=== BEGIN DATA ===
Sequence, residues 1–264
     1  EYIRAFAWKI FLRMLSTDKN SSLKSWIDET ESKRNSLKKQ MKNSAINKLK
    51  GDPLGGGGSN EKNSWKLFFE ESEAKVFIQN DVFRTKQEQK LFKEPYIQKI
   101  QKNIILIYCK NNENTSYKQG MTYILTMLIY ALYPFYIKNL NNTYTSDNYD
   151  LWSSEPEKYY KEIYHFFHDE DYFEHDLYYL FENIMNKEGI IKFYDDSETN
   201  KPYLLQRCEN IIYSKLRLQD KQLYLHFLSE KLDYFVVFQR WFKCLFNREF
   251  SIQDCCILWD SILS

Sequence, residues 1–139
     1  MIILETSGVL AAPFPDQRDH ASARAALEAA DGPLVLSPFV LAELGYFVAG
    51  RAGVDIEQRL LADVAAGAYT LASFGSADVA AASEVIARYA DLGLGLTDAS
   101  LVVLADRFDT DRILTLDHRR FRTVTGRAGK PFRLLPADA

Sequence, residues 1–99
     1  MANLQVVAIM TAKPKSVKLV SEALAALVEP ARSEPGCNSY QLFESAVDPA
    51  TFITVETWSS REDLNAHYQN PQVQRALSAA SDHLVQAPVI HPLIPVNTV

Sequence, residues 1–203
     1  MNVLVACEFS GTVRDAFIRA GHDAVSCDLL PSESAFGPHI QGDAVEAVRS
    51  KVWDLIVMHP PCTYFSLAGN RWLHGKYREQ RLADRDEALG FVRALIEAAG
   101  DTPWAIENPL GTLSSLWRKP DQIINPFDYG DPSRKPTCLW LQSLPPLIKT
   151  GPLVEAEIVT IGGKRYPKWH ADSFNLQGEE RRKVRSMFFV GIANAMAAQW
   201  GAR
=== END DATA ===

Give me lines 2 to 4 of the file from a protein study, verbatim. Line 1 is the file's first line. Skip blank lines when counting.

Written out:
     1  EYIRAFAWKI FLRMLSTDKN SSLKSWIDET ESKRNSLKKQ MKNSAINKLK
    51  GDPLGGGGSN EKNSWKLFFE ESEAKVFIQN DVFRTKQEQK LFKEPYIQKI
   101  QKNIILIYCK NNENTSYKQG MTYILTMLIY ALYPFYIKNL NNTYTSDNYD